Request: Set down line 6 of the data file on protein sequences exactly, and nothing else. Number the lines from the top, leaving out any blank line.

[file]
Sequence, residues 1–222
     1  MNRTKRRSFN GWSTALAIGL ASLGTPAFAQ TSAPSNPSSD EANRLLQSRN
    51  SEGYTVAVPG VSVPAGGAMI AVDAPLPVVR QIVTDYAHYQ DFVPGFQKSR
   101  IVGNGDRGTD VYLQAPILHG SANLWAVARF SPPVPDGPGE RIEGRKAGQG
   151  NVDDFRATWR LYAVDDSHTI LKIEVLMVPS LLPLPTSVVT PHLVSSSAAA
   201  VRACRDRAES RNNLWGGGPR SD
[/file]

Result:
   201  VRACRDRAES RNNLWGGGPR SD